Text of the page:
UPMC Cardiovascular Institute Cardiologists Using New Laser to Remove Pacemaker/Defibrillator Leads
PITTSBURGH, February 16, 2000 — Cardiologists at University of Pittsburgh Medical Center's Cardiovascular Institute are using an excimer laser to extract old cardiac pacemakers and implantable defibrillator wires from the heart, making it an easier and potentially less dangerous and complicated procedure for patients.
Cardiac pacemakers are battery-operated devices that help the heart beat in a regular rhythm. The implantable defibrillator protects patients at risk from severe heartbeat irregularities called arrhythmias.
One or two wires are threaded into the patient’s heart during implantation of the pacemaker or defibrillator and are used to carry electrical impulses back and forth between the device and the heart. According to the American Heart Association, about 140,000 pacemakers and over 40,000 defibrillators are implanted yearly in the United States.
Sometimes the pacemaker or defibrillator must be replaced because of age, and the wires may require replacement at the same time. Sometimes the wires become infected or can break and must be removed. If the pacemaker has been in place for a long time, the wires may become encased in scar tissue, binding them to the inner lining of the heart and blood vessels and making wire removal very difficult.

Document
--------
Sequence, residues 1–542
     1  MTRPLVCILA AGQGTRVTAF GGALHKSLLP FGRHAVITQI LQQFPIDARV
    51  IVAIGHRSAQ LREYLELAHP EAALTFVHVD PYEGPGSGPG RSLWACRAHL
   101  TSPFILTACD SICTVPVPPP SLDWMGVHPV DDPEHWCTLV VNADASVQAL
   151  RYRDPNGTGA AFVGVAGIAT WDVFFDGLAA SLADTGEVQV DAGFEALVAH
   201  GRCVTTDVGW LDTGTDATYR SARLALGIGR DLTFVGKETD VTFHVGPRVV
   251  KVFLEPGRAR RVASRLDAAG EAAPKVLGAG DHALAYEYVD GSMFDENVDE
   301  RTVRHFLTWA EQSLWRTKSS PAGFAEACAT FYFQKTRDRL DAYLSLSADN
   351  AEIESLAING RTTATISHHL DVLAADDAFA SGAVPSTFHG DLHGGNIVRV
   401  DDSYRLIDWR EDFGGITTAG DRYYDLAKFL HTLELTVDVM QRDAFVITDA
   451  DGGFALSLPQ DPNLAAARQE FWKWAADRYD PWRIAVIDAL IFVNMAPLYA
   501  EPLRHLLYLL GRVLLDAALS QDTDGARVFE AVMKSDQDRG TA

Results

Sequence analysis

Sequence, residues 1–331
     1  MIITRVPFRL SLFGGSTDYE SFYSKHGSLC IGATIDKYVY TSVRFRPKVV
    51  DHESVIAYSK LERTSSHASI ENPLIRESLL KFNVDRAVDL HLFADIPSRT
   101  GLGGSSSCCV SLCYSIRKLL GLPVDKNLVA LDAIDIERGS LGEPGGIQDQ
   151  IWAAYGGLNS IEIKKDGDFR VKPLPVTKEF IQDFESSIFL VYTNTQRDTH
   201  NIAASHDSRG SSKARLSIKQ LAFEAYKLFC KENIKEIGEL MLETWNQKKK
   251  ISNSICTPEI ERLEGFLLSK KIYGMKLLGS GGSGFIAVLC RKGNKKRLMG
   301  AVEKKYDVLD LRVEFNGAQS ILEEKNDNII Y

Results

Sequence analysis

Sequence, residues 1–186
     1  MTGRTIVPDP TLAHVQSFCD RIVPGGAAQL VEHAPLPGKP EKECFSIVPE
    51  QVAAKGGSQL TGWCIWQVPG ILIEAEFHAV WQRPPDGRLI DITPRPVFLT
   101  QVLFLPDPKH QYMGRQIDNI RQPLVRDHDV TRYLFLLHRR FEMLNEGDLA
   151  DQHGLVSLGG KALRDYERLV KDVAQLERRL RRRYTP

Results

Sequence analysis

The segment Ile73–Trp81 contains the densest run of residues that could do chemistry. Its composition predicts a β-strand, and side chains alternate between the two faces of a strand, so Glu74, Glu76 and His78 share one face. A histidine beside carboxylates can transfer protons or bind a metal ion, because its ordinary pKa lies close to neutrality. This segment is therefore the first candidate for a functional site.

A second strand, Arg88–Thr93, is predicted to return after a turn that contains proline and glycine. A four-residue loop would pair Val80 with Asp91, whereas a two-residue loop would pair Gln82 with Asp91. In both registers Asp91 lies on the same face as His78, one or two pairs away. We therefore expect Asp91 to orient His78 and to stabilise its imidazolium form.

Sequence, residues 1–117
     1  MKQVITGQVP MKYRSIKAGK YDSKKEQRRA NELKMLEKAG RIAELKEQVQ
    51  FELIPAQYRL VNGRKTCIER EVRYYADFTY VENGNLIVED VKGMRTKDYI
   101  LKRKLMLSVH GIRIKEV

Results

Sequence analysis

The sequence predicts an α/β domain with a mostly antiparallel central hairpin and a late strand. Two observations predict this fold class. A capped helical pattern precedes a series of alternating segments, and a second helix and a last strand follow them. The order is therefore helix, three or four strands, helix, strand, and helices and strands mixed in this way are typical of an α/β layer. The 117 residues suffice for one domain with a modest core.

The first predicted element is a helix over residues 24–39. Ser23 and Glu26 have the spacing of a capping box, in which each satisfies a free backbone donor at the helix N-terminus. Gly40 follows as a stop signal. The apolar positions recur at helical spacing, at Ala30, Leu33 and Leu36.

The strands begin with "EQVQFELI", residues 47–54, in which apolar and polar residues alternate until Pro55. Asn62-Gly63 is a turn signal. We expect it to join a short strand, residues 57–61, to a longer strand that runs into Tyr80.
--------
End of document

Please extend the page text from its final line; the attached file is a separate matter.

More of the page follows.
The traditional method for removing the wires is to pull on them while pushing against the heart with a surgical brace. The wires also can be removed during open-heart surgery in which the surgeon cuts the wire away, often damaging healthy tissue.
"These procedures can cause complications, including perforation of the lungs or heart and blood vessel damage. There also is a small risk of death. Many times the wires are just left in the heart," said Raul Weiss, M.D., an interventional cardiologist at UPMC Presbyterian and assistant professor of medicine at the University of Pittsburgh School of Medicine. "The excimer laser makes removal much easier and less traumatic for the patient."
The laser is enclosed in a tube and threaded into the heart through an artery in the groin. The tube is slipped over the cardiac wire and slowly advanced to the first area of binding. Controlled bursts of excimer laser energy vaporize the scar tissue. After the scar tissue is cleared, the laser is advanced to the next scar tissue site until the wire is released.
The device is called the Spectranetics Laser Sheath and is approved by the FDA. A recent study found that complete wire removal was successful in 94 percent of cases as compared with just 64 percent using conventional methods.